The Unfriendly Skies of Computer Glitches and Human Error
By Marydee Ojala
Editor • ONLINE
United Airlines isn’t likely to forget Monday, Sept. 8, 2008, anytime soon. No, it wasn’t weather delays at O’Hare or passengers angry at a having to pay to check a bag. It was the day the parent company (UAL) lost most of its value as its stock price plummeted due to an erroneous report of bankruptcy.
Here’s an outline of what happened: A 2002 story from the Chicago Tribune about UAL declaring bankruptcy landed in the Florida Sun-Sentinel’s “most viewed” section of its website just past midnight on Sept. 7, 2008. Google’s newsbot drifted by a few minutes later and added it as a new item with a Sept. 6, 2008, date, that being the time in California. On Monday, a person at Income Securities Advisors, a financial news and reports service that publishes the online Distressed Companies Daily News, found the item, probably because he was running an alert on bankruptcies. That person forwarded the old news story to Bloomberg as part of its daily updating arrangement. Bloomberg ran it as a new story, which caused panic selling, much of it programmatic. Trading in the stock was halted, but not before the price went as low as $3. It had opened the day at $12.17.
The blame game began almost immediately. The Tribune Co., parent to the Sun-Sentinel, blamed the Google bot and said it had had problems with its algorithm in the past. Google blamed the newspaper for putting an old story on the site and for not adequately indicating its 2002 publication date.
This reminds me of an old Sidney Harris cartoon, where a professor is writing an extraordinarily complicated mathematical formula on the blackboard. Just before the equal sign is the notation “Then a miracle occurs.” Here are the miracles of the UAL debacle. The story miraculously appeared as “most viewed.” It miraculously lacked the proper date. The person at Income Securities Advisors miraculously was so inept that he never doubted it was a recent story. Bloomberg miraculously accepted the report without question. It came from “the computer,” so it has to be correct, yes? Well, no.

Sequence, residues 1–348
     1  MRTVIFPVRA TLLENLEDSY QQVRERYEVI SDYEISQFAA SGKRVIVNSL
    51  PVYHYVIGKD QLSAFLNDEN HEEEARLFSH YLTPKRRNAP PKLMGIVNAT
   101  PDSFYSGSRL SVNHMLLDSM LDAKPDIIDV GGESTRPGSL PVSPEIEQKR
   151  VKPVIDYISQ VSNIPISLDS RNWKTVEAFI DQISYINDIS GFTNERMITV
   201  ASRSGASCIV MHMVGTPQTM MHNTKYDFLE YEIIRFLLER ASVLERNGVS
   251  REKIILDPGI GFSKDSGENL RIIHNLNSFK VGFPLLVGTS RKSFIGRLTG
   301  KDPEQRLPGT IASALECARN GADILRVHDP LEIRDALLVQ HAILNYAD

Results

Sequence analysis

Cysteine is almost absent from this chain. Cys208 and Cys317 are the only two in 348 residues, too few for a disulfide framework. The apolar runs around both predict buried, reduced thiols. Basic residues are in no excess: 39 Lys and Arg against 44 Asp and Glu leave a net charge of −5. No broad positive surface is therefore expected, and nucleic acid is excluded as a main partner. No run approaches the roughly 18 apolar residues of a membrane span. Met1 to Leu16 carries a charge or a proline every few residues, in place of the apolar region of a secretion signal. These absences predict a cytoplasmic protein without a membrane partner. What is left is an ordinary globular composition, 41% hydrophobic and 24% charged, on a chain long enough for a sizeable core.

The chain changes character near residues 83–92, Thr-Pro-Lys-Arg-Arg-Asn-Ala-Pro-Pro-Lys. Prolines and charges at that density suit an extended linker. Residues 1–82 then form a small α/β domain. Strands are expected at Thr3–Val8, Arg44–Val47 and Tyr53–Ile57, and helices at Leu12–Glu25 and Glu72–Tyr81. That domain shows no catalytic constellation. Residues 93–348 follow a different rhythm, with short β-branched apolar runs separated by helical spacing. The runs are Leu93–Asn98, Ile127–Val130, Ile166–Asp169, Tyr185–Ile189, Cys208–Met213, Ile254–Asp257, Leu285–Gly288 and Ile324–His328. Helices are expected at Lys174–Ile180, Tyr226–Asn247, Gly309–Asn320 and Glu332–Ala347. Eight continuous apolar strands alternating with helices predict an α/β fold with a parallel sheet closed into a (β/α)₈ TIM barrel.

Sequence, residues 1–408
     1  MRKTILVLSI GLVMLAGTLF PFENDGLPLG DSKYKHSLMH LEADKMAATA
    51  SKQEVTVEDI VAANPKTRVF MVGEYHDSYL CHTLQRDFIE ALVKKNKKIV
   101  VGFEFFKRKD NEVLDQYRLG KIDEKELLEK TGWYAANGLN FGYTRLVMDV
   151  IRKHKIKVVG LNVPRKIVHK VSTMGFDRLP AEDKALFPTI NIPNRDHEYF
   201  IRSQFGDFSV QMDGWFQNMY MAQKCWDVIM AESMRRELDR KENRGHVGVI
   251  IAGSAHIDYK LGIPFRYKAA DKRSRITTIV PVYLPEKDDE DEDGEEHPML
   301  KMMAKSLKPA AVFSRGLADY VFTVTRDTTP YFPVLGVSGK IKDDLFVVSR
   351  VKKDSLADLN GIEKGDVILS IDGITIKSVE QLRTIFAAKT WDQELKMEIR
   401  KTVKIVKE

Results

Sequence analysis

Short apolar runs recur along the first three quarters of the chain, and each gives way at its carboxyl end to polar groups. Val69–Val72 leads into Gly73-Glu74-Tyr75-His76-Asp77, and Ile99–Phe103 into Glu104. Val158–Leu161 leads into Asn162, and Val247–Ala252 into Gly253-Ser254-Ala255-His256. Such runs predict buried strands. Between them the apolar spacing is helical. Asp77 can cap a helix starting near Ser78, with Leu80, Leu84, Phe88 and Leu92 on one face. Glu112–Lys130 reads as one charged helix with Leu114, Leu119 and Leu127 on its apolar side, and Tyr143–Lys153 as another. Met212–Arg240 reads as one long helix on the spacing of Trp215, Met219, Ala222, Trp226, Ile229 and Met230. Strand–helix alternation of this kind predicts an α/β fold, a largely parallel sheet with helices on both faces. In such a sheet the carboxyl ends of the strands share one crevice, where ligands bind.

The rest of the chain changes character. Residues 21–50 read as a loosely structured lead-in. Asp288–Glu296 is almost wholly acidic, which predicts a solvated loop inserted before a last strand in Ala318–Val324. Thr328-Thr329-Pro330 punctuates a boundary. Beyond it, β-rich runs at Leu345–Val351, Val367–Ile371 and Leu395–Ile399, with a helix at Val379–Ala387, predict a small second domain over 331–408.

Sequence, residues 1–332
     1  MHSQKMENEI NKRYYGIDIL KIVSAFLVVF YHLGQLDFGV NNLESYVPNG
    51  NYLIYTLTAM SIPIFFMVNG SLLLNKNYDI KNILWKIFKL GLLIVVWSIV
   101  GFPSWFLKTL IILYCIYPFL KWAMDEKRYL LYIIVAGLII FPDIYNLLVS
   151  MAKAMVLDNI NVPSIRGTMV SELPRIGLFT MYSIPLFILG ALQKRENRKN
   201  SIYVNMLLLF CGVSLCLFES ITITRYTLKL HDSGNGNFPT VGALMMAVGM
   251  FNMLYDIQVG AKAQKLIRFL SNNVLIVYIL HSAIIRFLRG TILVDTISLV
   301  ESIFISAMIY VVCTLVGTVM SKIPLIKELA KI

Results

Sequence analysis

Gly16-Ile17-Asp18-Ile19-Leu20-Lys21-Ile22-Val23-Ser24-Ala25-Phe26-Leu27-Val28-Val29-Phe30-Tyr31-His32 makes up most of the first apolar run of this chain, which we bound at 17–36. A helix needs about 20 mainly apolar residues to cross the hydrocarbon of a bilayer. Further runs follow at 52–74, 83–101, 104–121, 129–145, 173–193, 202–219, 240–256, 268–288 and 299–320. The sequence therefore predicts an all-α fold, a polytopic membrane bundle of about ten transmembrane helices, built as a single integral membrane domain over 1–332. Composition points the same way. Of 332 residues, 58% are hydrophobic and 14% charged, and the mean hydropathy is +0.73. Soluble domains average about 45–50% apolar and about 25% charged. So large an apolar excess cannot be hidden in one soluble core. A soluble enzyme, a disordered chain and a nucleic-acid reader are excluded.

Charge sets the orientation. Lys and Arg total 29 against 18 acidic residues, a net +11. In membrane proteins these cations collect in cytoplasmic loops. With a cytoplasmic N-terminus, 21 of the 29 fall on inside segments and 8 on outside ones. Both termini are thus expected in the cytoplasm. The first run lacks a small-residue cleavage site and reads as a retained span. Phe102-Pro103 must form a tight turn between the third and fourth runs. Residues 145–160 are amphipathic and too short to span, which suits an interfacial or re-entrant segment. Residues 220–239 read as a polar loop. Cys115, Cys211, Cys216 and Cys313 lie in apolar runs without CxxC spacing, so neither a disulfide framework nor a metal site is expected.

As information professionals, what is to be learned? Probably nothing we don’t already know, but it’s a good object lesson to reinforce the importance of quality information. People are the critical point in the transmission of information. A person, particularly a trained professional, looking at a 2002 news story could quickly tell there was a problem with a 2008 date. A professional would not have blindly uploaded an unverified piece of data to a major news source such as Bloomberg. Not trusting the veracity of the news item, a trained professional would not have sold UAL stock as it plummeted.
Although it’s true that text-mining techniques applied to the news story could have found anomalies and kicked it out for human verification, any organization that decides to disband its information department, its library, and its information professional staff runs of the risk of flying into these same unfriendly skies. We need information professionals to ensure that accurate data is provided.
Ojala is the editor of ONLINE. Comments? E-mail letters
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